Years ago in grad school, I was exposed to an intriguing concept for analyzing historical events. Counterfactual reasoning (sometimes shortened to “counterfactuals”) can also be used for genealogy. Here’s how it works.
You start by asking a “why” question about history. For instance: Why did the United States land a man on the moon in 1969?
There are lots of possibilities. We were in a space race with the USSR. President Kennedy made a promise in 1961. The United States had the best military test pilots and rocket technology.
Counterfactual reasoning lets historians ask “what if” questions to evaluate the relative importance of such factors. For example: Would this event have taken place if the USSR did not launch Sputnik in 1957? Or: Would the U.S. have sent men to the moon in 1969 had Kennedy lost the 1960 presidential race?
Counterfactuals can be used for genealogy, too. Consider William Owens, the son of a North Carolina sharecropper, who migrated to Council Bluffs, Iowa in the 1890s. None of his descendants remembers why, but there are rumors and theories:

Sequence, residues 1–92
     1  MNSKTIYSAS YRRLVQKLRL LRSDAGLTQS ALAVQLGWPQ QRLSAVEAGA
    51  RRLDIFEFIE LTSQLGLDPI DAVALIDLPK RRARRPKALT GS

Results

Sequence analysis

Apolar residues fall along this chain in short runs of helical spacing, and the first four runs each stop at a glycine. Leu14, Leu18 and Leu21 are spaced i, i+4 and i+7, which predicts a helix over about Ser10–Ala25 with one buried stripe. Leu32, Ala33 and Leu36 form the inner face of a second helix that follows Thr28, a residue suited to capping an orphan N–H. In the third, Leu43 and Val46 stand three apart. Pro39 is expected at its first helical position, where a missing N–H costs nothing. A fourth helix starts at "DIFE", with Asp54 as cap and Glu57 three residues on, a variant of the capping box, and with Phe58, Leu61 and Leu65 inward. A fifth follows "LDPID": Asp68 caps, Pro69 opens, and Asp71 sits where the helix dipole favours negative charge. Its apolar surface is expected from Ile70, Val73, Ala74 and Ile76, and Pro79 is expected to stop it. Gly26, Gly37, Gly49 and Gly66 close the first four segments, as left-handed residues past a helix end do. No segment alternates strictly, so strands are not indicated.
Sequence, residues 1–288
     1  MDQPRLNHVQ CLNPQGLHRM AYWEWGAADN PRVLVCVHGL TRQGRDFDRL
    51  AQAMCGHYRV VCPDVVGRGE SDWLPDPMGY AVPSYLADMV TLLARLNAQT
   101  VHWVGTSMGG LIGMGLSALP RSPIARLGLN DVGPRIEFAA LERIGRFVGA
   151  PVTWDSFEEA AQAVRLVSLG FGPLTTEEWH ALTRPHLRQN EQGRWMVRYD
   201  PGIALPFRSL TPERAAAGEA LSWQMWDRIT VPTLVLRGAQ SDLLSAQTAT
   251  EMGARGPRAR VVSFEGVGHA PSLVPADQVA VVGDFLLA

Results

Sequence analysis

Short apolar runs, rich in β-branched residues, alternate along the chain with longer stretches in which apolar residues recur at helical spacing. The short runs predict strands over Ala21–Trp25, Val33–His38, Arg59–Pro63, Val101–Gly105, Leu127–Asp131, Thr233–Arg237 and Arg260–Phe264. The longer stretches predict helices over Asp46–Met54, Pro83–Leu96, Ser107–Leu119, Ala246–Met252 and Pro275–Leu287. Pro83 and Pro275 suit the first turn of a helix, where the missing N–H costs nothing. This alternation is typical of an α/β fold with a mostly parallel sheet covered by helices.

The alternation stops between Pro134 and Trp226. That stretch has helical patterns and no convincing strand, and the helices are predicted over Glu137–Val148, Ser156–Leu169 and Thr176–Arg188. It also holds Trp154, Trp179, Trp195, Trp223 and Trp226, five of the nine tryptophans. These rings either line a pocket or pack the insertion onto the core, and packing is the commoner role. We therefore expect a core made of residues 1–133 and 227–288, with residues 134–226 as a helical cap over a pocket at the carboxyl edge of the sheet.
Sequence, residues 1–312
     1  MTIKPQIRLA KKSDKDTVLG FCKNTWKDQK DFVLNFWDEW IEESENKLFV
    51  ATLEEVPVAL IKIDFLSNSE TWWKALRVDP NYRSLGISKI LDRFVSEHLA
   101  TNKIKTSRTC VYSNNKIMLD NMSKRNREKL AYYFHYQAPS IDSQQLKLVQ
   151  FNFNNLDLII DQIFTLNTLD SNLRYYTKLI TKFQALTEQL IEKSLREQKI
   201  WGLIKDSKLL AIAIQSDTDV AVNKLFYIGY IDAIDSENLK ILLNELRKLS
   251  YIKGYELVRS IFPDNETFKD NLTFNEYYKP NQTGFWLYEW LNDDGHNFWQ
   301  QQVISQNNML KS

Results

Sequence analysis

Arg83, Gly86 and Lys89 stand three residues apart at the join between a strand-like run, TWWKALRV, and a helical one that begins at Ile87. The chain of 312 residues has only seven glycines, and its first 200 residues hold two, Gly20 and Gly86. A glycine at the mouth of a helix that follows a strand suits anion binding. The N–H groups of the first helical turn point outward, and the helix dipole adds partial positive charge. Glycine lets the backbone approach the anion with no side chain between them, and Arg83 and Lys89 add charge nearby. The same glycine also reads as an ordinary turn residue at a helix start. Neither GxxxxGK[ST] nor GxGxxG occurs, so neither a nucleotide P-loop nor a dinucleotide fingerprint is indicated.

- The collapse of North Carolina tobacco prices amidst industry consolidation
- Earlier migration of an uncle’s family to Des Moines
- A falling out with older brother over an inheritance
- Advertising in local newspapers promoting jobs and cheap land in Iowa
Counterfactuals may be able to give clarity. For instance, if tobacco prices did not collapse in the 1890s, would William Owens have relocated halfway across the country?
While such questions may not lead to a slam dunk answer, they can help narrow down the possibilities. They can also open up new lines of research, whether it’s looking at different census data points or checking back-page advertisements in North Carolina newspapers.
Try counterfactuals for your own family history, and let us know if it helps!